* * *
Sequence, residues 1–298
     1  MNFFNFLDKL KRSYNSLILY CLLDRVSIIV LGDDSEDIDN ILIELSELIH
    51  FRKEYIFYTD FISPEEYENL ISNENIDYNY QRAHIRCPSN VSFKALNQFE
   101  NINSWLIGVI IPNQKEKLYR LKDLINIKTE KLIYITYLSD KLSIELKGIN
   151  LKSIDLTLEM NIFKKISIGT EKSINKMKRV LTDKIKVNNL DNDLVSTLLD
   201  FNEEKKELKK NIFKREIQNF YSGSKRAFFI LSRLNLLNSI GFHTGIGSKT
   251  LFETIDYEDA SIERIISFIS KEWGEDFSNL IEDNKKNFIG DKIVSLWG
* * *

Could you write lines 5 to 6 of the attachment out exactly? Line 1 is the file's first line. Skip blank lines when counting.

   151  LKSIDLTLEM NIFKKISIGT EKSINKMKRV LTDKIKVNNL DNDLVSTLLD
   201  FNEEKKELKK NIFKREIQNF YSGSKRAFFI LSRLNLLNSI GFHTGIGSKT